Stress on trees around campus may not be obvious as construction projects continue, but it has become a concern.
The University, which has been recognized for its care of its sustainable ecosystem, is looking at regulating specifications for construction sites on campus. Landscaping administrators have submitted an initial draft that proposes more consistent standards for construction projects, such as protecting critical tree root zones.
Jim Carse, assistant manager of urban forestry at UT, said the University’s tree care plan has criteria for protecting trees in construction sites, but they are not rigid enough.
“We want to be good stewards of our resources because trees pay us back with so many ecosystem benefits and environmental benefits,” Carse said.
As more construction projects are developed, a set of consistent standards could keep communication clear between contractors and in-house facility professionals.
Carse said construction around the Dell Medical School was an eye-opener to needing more specific protocols in place.
“We weren’t able to save all the trees and we weren’t able to replace as many as we wanted to,” Carse said.
The trees were still put to use — thirteen trees were transplanted and unsalvageable trees were repurposed as furniture for the Dell Medical School. Carse said there is a lot of support by administrators to better protect the trees, but moving forward, contractors used for these projects on campus could be more informed on native species.
Michael Embesi, division manager for the Community Tree Division for the city of Austin, said the city has some of the most progressive tree ordinances and codes in the country in regards to construction, but UT does not have to follow such guidelines. “Broadly speaking, UT is a state-owned property,” Embesi said. “And state-owned property is not subject to local jurisdiction.”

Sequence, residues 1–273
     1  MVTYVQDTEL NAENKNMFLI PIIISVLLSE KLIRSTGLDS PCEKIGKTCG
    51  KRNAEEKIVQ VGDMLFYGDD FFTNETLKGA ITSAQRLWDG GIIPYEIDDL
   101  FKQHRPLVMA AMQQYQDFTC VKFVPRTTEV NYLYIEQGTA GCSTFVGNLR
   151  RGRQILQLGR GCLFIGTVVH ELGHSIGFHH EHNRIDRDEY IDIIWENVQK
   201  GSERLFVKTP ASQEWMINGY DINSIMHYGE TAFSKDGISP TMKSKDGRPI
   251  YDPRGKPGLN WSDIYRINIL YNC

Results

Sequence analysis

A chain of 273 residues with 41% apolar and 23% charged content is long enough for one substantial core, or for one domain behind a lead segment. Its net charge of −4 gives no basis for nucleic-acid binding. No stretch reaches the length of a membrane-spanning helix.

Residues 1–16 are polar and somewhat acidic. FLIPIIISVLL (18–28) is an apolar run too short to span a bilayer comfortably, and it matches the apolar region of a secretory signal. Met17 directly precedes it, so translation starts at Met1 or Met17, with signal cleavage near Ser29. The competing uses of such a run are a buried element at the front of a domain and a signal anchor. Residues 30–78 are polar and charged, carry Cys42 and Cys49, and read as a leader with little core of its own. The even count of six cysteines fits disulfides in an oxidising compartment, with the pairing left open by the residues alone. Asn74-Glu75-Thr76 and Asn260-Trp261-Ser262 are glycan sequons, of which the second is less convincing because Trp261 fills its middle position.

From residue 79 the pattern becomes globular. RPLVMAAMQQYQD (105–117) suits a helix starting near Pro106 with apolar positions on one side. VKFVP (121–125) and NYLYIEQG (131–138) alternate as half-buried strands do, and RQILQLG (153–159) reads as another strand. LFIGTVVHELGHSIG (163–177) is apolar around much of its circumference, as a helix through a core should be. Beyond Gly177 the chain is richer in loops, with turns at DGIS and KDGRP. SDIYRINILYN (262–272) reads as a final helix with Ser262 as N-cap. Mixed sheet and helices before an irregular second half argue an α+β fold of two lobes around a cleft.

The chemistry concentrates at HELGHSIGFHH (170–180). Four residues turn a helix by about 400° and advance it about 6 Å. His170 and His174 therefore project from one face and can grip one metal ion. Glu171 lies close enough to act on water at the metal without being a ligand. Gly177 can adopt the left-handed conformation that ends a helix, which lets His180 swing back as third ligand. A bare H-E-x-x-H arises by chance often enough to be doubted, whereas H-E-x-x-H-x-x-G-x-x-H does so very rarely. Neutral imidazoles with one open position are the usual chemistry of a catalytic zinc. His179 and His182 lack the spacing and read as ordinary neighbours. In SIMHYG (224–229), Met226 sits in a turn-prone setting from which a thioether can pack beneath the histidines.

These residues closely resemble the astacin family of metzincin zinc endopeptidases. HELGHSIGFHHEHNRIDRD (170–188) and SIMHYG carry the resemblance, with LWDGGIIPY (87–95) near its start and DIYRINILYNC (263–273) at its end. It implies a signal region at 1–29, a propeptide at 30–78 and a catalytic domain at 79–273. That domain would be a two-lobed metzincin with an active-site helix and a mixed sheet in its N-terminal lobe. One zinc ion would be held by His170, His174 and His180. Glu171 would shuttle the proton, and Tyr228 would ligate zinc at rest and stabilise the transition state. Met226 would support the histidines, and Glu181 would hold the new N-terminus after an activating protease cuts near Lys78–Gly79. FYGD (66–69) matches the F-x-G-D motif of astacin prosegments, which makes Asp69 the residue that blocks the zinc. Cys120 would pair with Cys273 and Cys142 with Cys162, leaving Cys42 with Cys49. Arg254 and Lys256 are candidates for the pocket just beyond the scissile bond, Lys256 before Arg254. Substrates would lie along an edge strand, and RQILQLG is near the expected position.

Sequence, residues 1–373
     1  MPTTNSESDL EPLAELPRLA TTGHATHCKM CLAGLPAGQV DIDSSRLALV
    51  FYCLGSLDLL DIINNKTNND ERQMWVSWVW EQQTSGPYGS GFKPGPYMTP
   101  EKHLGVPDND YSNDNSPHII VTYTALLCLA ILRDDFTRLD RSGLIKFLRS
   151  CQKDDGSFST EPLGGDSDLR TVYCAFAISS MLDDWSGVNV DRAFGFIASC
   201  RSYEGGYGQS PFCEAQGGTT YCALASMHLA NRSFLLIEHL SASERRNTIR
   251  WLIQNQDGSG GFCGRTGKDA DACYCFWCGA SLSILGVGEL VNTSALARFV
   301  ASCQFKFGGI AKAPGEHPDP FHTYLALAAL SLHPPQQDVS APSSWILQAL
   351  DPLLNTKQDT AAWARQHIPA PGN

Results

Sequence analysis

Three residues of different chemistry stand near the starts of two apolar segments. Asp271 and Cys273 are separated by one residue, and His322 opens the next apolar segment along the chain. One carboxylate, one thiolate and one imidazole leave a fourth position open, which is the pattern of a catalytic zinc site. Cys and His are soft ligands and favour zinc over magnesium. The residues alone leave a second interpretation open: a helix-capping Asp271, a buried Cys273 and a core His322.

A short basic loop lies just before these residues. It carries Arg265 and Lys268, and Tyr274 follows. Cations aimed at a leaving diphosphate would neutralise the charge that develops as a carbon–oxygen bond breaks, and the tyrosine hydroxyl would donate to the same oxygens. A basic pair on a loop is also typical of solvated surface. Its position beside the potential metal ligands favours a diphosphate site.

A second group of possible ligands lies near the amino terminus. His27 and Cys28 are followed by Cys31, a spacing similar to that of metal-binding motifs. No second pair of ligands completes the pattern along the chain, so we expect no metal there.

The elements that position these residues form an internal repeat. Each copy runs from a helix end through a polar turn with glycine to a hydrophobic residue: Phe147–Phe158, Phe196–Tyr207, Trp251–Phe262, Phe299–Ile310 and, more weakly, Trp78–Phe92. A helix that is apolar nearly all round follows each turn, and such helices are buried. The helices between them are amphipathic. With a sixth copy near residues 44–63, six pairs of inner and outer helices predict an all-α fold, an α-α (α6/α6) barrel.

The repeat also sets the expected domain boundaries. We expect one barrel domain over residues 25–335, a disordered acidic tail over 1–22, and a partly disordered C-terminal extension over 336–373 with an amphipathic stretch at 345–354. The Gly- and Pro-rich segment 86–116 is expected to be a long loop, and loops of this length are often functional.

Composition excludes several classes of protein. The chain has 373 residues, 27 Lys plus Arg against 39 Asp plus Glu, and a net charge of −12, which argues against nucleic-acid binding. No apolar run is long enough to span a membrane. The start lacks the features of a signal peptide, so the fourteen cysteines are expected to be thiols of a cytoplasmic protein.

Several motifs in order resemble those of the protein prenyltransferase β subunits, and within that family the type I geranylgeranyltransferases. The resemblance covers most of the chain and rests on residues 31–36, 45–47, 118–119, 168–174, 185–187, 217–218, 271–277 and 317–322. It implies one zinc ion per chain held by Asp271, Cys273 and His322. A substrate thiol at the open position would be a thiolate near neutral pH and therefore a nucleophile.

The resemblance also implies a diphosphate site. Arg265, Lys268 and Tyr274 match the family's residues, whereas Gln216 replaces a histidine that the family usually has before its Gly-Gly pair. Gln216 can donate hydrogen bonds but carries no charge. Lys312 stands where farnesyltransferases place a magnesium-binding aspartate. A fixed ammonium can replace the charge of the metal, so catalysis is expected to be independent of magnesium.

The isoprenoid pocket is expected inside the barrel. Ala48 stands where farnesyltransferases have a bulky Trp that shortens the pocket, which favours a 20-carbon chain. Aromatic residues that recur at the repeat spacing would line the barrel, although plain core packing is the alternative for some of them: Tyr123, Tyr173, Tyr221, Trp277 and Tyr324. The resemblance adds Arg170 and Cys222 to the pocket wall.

Jim Walker, director of the office of sustainability at UT and the liaison to the President’s Committee that will review the final document, said the committee will strive to make the best financial and environmental decision for updated plans.
“We’d like to align in good faith with the city’s efforts as best as possible,” Walker said.
Lisa Lennon, a landscape architect at UT, said some construction projects don’t go according to original landscaping plans which could harm trees.
“There have been some projects that have had discrepancies and wouldn’t be in good health for some trees if plans went forward,” Lennon said. “We would like to see the assets preserved as best as possible.” Lennon said with better specifications in place, the regulations would be more accessible to contractors.
“Any contractor doing these landscapes would be able to follow these protocols,” Lennon said.
Penalties or fines have not been discussed, but Carse said any infractions will be reviewed by University officials. Embesi said fines up to $2,000 are given in Austin when a tree is illegally removed or damaged.
Walker said the UT office of sustainability is currently reviewing the tree specifications, as well as other campus standards during construction projects. The comprehensive review will last for at least 18 months before getting final review.